RR Sites Map works on desktop computers, phones, and other mobile devices. It’s a great way to get information about closed and continuing remediation activities.
The DNR seeks to continually improve user experiences with this application. Recent updates include:
- Removed the “GIS Registry” layer group.
- The term “GIS Registry” was used in the past to refer to sites that were closed with residual contamination. The DNR now uses the term “Continuing Obligations”, along with a list of these obligations in the closure letter, to let the public know residual contamination exists and that some ongoing requirements exist to continue protecting public health. Sites with “Continuing Obligations” now have their own layer.
- Added the new “Additional Site Information” layer group.
- This new layer group includes both the new “Continuing Obligations” layer and preexisting “Impacted Another Property” layer, which identifies sites with migrating contamination.
- Added aerial photos from 2017 to the base maps and image slider tool.
- Changed the name of the “Contaminated and Cleaned Up Sites” layer group to “Open & Closed Sites.”
- Added a “Layer Catalog” button to the data and tasks tab.
- After clicking the button, select the desired GIS data layers and they will appear in the left-side layers panel along with the default layer options.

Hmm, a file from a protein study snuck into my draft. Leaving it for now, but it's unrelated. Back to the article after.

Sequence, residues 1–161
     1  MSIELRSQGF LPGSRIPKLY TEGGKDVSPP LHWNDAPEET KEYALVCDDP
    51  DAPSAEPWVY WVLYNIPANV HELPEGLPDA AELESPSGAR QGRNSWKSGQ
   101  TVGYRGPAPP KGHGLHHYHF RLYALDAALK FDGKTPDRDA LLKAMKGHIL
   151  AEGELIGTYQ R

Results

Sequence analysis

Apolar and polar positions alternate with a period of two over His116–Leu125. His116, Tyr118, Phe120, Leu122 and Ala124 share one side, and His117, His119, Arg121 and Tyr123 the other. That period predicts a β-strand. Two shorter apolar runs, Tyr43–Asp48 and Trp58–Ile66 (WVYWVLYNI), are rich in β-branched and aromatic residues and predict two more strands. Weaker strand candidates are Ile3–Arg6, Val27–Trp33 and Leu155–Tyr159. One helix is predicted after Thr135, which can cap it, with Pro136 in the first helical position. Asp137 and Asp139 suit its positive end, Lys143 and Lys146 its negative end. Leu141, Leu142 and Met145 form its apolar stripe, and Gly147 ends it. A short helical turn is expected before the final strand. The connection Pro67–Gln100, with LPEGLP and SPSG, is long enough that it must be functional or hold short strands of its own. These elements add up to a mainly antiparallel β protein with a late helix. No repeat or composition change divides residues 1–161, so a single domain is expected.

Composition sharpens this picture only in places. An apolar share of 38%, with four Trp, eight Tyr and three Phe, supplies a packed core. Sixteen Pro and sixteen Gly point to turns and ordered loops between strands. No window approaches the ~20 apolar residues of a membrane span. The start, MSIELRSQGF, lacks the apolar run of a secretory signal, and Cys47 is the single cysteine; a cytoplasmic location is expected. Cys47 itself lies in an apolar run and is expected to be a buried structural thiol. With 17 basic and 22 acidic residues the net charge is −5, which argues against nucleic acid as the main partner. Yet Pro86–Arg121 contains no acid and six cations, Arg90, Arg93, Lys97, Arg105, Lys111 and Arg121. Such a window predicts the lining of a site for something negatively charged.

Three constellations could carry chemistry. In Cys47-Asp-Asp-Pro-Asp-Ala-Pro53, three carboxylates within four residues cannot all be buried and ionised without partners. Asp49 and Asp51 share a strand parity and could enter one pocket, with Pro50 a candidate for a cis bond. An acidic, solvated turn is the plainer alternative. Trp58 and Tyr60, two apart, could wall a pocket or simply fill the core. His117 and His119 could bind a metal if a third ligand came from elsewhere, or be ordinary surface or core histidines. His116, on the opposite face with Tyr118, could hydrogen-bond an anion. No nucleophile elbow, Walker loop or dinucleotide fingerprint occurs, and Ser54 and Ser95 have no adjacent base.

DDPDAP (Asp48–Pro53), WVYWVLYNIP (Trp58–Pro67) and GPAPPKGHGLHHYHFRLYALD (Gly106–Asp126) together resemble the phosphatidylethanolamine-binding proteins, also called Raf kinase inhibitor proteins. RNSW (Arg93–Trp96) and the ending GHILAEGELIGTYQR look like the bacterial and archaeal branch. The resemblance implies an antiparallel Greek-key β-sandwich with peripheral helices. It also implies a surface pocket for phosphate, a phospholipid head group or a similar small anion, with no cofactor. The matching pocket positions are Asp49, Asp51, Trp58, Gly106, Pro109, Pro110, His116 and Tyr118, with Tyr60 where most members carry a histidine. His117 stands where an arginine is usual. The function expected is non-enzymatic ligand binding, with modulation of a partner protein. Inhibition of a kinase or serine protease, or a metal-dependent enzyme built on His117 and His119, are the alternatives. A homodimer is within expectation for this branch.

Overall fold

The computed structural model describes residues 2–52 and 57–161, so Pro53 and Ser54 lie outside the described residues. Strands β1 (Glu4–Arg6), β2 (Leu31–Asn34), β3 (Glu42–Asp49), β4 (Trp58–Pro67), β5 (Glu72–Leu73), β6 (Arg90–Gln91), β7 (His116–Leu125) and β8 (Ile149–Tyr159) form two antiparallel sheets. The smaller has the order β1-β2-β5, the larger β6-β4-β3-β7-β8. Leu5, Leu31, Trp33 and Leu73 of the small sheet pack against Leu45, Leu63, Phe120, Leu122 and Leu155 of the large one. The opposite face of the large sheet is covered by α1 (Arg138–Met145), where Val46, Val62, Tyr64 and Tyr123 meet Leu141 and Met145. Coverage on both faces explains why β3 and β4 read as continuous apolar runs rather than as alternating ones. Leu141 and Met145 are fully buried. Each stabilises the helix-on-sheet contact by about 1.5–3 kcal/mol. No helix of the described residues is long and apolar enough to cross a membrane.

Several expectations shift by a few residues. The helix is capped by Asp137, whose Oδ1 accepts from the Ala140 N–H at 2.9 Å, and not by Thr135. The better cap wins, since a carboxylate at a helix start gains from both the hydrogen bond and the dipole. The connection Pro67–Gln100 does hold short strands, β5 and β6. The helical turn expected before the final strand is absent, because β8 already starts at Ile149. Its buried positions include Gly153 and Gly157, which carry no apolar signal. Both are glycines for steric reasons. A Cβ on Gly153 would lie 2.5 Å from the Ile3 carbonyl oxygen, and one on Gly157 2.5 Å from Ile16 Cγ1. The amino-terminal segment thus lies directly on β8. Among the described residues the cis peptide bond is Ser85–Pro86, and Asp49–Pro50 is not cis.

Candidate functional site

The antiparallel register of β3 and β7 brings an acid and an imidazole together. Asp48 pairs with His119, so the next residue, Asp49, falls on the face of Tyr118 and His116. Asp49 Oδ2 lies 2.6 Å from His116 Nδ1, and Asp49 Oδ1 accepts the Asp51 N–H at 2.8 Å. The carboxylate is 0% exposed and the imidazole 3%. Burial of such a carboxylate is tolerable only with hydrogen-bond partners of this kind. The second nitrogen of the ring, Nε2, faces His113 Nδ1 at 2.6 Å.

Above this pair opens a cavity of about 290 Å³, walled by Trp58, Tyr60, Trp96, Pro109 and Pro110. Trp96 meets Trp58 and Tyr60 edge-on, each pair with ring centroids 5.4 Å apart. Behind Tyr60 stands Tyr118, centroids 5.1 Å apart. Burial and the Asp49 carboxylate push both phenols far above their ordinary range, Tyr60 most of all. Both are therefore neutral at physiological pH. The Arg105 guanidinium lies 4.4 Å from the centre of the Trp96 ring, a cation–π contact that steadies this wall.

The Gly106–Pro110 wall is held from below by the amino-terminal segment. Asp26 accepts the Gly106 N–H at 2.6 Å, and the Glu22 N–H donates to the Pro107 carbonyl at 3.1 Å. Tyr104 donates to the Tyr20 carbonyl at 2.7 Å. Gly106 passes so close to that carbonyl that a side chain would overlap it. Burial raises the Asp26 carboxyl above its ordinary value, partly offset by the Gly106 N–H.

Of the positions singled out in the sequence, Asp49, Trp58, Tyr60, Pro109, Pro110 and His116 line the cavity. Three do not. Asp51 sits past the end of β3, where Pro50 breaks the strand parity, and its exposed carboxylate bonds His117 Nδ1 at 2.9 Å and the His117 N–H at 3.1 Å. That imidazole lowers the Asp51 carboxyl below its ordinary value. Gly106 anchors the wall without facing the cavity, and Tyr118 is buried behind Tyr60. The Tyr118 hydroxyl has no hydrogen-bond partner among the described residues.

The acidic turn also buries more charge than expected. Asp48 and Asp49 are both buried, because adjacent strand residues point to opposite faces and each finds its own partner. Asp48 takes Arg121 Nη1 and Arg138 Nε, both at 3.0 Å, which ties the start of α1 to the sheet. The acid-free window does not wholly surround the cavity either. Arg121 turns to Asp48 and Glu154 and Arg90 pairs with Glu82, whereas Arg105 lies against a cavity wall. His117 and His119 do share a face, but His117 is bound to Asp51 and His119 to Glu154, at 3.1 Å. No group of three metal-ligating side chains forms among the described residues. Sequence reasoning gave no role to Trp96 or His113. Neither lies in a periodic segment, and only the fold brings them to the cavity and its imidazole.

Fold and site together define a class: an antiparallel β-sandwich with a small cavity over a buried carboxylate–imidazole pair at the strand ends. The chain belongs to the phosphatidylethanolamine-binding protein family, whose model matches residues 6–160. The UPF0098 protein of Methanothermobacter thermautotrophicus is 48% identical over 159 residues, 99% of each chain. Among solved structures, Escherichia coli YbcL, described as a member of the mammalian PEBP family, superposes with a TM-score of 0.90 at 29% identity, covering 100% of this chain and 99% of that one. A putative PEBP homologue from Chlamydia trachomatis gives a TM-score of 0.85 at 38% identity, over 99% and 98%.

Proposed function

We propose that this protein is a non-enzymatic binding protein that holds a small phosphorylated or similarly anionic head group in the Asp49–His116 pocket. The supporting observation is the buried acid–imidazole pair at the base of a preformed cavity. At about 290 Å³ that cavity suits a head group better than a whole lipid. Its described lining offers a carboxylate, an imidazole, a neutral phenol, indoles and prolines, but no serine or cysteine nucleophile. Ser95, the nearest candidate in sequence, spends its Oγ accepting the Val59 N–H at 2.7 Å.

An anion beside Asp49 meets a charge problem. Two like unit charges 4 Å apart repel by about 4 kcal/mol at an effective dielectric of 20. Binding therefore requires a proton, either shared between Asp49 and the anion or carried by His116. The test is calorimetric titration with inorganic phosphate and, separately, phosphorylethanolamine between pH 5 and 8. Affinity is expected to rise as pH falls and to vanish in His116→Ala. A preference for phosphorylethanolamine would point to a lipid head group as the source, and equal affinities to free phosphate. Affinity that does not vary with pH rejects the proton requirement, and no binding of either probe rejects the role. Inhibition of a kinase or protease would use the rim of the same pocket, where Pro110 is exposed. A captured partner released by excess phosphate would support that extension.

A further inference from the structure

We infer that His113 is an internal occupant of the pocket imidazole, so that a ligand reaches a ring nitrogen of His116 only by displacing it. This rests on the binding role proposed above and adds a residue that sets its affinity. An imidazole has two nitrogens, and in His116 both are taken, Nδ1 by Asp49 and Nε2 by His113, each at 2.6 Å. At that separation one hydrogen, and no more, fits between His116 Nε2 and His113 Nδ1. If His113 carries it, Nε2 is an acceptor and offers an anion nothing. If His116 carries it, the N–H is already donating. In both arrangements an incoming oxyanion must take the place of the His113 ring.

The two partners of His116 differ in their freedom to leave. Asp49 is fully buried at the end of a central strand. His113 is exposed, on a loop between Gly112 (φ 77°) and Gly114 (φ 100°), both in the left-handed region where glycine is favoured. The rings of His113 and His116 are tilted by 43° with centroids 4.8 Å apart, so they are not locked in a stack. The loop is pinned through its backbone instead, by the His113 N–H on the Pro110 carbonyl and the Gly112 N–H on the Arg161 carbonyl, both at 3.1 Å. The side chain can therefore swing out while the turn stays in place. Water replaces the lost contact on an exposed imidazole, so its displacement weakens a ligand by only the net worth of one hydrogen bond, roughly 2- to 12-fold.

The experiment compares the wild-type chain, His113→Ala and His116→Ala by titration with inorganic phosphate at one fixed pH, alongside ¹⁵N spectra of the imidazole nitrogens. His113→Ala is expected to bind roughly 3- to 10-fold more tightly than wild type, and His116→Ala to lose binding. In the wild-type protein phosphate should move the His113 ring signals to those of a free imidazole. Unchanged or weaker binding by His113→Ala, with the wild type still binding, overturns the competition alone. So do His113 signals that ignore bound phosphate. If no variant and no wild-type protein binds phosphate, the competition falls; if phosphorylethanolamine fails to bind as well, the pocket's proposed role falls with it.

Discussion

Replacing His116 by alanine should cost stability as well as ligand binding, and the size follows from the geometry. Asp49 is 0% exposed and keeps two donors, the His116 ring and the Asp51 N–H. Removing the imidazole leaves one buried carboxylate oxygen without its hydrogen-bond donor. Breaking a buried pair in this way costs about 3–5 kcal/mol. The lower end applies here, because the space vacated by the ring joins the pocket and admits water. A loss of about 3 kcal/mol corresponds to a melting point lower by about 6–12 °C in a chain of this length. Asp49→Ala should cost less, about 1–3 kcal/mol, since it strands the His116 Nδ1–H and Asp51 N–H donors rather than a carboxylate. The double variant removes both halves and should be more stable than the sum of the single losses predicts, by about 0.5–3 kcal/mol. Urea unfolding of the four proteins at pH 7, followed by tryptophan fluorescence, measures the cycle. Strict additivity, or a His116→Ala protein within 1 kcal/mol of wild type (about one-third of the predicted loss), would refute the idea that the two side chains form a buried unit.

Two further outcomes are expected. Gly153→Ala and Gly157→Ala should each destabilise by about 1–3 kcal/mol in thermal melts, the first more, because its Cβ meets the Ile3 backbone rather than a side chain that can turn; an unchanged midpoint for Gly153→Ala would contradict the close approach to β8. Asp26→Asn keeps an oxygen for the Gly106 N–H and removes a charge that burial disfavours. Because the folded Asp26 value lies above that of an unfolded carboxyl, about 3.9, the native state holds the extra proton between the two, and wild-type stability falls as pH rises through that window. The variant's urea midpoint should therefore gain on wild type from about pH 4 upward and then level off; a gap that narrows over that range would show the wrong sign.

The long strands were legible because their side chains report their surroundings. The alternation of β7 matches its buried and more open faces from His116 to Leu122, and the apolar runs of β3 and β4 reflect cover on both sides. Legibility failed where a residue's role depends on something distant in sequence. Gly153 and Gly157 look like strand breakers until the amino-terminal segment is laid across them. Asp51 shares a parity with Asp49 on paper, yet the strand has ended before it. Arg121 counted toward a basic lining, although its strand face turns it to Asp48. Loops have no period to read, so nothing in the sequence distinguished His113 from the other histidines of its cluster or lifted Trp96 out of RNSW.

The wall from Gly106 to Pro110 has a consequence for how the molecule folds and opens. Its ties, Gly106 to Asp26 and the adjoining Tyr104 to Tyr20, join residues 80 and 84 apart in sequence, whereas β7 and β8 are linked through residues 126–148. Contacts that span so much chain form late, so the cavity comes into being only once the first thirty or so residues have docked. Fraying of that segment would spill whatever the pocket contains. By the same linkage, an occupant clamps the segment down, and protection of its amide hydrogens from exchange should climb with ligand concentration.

- New layer options include: DNR office locations; private water well locations; dual aquifers; landfills with 1,200-foot buffers; areas where special well casing is required; and other agency data such as soil types, hydric ratings and drainage classes.
Let us know how you use RR Sites Map, and please share your suggestions for improvement by emailing them to DNRRRBRRTSFeedback@wisconsin.gov.
RR Sites Map is accessible via desktop computers, tablets and smart phones.
The Remediation and Redevelopment (RR) Program in the DNR oversees the investigation and cleanup of environmental contamination and the redevelopment of affected properties in Wisconsin. The RR Program also maintains a public database that contains information about known hazardous substance discharges to the environment, investigations, cleanup activities, closure requests, remaining actions needed, spills requiring emergency attention and more. This public database is called the Bureau of Remediation and Redevelopment Tracking System (BRRTS) on the Web (BOTW).
BOTW is augmented by an associated GIS mapping application, called RR Sites Map, which provides a visual representation of data available in BOTW. This interactive map allows users to geographically search for open and closed sites, obtain basic information about a site, click on a link that goes directly to full site information, and more. RR Sites Map is accessible via desktop computers, tablets and smart phones.
Together, BOTW and RR Sites Map are collectively referred to as the Wisconsin Remediation and Redevelopment (RR) Database (WRRD). These two public tools provide easy online access to detailed information about conditions and environmental activities at tens-of-thousands of cleanup sites around the state. This database was formerly referred to as CLEAN, the Contaminated Lands Environmental Action Network.